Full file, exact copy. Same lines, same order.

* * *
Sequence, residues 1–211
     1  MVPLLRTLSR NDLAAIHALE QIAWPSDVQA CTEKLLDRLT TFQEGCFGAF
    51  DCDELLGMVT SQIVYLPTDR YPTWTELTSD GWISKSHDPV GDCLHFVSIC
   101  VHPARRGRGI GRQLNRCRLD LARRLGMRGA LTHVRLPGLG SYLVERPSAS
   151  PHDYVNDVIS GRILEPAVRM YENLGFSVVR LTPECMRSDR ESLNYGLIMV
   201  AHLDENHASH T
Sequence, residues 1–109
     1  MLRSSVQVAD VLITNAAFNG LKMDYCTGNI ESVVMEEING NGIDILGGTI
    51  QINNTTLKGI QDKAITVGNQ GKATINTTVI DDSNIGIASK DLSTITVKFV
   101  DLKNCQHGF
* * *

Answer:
Sequence, residues 1–211
     1  MVPLLRTLSR NDLAAIHALE QIAWPSDVQA CTEKLLDRLT TFQEGCFGAF
    51  DCDELLGMVT SQIVYLPTDR YPTWTELTSD GWISKSHDPV GDCLHFVSIC
   101  VHPARRGRGI GRQLNRCRLD LARRLGMRGA LTHVRLPGLG SYLVERPSAS
   151  PHDYVNDVIS GRILEPAVRM YENLGFSVVR LTPECMRSDR ESLNYGLIMV
   201  AHLDENHASH T
Sequence, residues 1–109
     1  MLRSSVQVAD VLITNAAFNG LKMDYCTGNI ESVVMEEING NGIDILGGTI
    51  QINNTTLKGI QDKAITVGNQ GKATINTTVI DDSNIGIASK DLSTITVKFV
   101  DLKNCQHGF